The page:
Membership Life Cycle Part III -- Membership Engagement


In earlier posts, I comment on the first two stages of the membership life cycle: Awareness and Membership Recruitment.
Now I want to focus on how we keep these new members from flying away from your association.

Once a member joins, he or she becomes the most likely member not to renew. Almost every association that I have worked with has its lowest renewal rate among new members. That’s why we call the first year of membership the conversion year.

Over the years, there have been many attempts at increasing renewals for these first year members. Some associations resort to sending the member a BIG new member kit to make them aware of all the association has to offer.

But there is a better solution. It is called engagement – encouraging and initiating interaction between the member and the association.

In a recent post on Growth through Membership Retention, I outlined the results from data analytics project that we conduction that showed for one association the powerful impact on renewals from different types of member interactions ranging from a member purchase to getting the member to call the association.

The survey results from ASAE and the Center’s, Decision to Join highlights the same concept. There is very little statistical difference between non-engaged members as lapsed members. “Those who are not involved lie perilously close to former members in their overarching assessments of the value they derive from associations. If former members are thought of as being dead, the uninvolved are close to comatose” (page 4).

So then how do we engage new members?

Many associations are now moving a conversion program which is a multi-step, multi-channel communication. The program is NOT built around informing the member about the association, but it is dedicated to generating a second interaction with the member. Essentially, a new member conversion program continues to “ping” the member until a response is achieved.

The program might include: a letter from the members personal member service representative asking them to call
  • an email assisting the member with registering for the password protected membership web site
  • a mailing with a dollars-off voucher for a first purchase
  • an email survey verifying the use of member benefits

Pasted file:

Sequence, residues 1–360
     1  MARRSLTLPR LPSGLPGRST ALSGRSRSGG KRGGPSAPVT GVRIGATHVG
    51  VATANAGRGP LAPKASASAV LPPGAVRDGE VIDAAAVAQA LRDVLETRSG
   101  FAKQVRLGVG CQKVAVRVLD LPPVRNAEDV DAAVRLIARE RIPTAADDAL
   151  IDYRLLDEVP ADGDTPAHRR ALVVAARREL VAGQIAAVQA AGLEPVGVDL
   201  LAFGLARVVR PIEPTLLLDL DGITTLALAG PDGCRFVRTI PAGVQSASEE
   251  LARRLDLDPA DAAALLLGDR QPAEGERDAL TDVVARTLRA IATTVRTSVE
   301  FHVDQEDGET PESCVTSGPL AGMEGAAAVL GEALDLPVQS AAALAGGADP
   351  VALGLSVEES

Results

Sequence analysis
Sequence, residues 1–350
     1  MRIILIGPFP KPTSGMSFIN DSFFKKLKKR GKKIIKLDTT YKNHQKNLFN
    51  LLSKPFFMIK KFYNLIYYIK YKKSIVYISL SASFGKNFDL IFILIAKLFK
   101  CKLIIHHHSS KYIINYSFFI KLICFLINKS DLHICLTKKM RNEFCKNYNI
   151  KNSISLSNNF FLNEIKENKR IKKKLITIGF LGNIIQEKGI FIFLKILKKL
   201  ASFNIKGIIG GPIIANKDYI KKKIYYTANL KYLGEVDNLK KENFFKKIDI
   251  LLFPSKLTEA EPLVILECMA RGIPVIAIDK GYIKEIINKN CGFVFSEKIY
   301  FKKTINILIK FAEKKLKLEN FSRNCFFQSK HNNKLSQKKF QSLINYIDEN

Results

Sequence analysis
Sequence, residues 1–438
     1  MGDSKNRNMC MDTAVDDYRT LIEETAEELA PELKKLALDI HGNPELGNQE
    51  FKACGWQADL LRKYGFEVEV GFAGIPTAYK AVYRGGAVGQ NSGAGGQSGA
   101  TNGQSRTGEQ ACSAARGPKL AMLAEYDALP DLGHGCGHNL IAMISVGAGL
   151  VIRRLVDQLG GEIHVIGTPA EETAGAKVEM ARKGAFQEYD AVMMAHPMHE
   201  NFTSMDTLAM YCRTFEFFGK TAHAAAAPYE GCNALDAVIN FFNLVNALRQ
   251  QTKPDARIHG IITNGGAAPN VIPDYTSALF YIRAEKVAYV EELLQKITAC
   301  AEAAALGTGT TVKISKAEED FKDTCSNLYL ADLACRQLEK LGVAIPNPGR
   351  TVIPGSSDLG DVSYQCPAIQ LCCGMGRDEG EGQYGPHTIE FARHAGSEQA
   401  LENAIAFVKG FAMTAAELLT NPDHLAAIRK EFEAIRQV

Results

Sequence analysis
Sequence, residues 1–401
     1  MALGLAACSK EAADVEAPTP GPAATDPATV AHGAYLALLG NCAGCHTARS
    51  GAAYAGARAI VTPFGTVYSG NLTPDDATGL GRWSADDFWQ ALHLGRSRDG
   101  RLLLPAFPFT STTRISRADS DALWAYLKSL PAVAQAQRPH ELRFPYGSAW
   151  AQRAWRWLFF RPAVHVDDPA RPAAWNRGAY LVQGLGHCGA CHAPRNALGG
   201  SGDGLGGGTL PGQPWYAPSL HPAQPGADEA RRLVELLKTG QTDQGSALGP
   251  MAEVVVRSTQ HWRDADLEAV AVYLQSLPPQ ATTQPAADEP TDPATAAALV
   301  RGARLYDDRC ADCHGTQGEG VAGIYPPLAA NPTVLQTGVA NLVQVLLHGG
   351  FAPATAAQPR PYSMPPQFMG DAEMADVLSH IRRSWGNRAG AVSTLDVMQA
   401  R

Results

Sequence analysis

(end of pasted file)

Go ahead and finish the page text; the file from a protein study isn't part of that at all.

• a courtesy call to answer member questions
How important is getting a second purchase or interaction? In consumer marketing, customer-retention expert Jim Novo says, “If a customer has not made a second purchase by 30 days after the first purchase, the customer . . . is telling you something is wrong.”
Have you had experience in engaging members? Please share your thoughts.

4 comments:

Lindy Dreyer said...

There's been a lot written about engagement--how to create it, measure it, grow it. But there's another issue that affects new member engagement--trust. How can you build trust between your association and your new member? Demonstrate again and again that you have your new member's best interest in mind.

Tony Rossell said...

Lindy -- As usual great comment. I am curious what other readers ahve to say on this topic. It is a little harder to measure than engagement. I will touch on this when I wrtie up my post on Life Cycle Part IV -- Interdependence. Tony

Vinay said...

This is such an important topic. Thanks for writing about it Tony.

At GRC Direct, whenever someone new tries us, I never really consider them as a client, until they have done at least 3 projects with us. I see the first 3 as simply them kicking the tires. And it's up to us to engage this individual during this early crucial phase of this relationship, to find out what made this new person try us in the first place, and so on. When we take the time and make the effort to do this well, it always leads to a very long-term mutually beneficial relationship. Given our client retention rate, I am convinced this process works.

This brings me to associations. When a new member joins, I firmly believe they are looking for something very specific, looking to solve a problem or challenge they are having.

Unfortunately, typically we start to flood this new member with first our welcome kit, then newsletters, managaznes, various promotions (email and direct mail) and so on. What we're hoping is this new member will figure out what all we offer, make the connection between our offerings and their needs and then take advantage of our offerings and all this will happen magically just when that new member needs those solutions. Result, not surprisingly, is low retention rates among new members.

I believe it's responsibility of us association folks to immediately engage the member (say by a phone call or email communication), find out what lead to their joining, and then direct them to a solution. Make it easy for them. Then as they use the proposed solution, then even follow-up to make sure it worked.

By having the member experience value as soon as possible, they are then much more likely to remain engaged and thus renew. An add'l benefit is this. No matter whether we're trade or individual based group, in the end, people do business with people. By having such one-to-one exchanges early on, the human element also comes into the fold which further contributes to engagement and renewal.

Think of it another way. Let's say you're the new kid in a new school. What's easier? We're left on our own till we figure out the system and make new friends? Or if we're assigned some sort of a mentor, a fellow student who then takes around, shows us the ropes and introduces us around?

Isn't the new member situation very similar for us associations?

Tony Rossell said...

Vinay -- Good points. I think what you are describing is marketing terms is individualized communication. The technology both electronic and print is now at a point when this type of "one to one" communication is available. It is very effective. Tony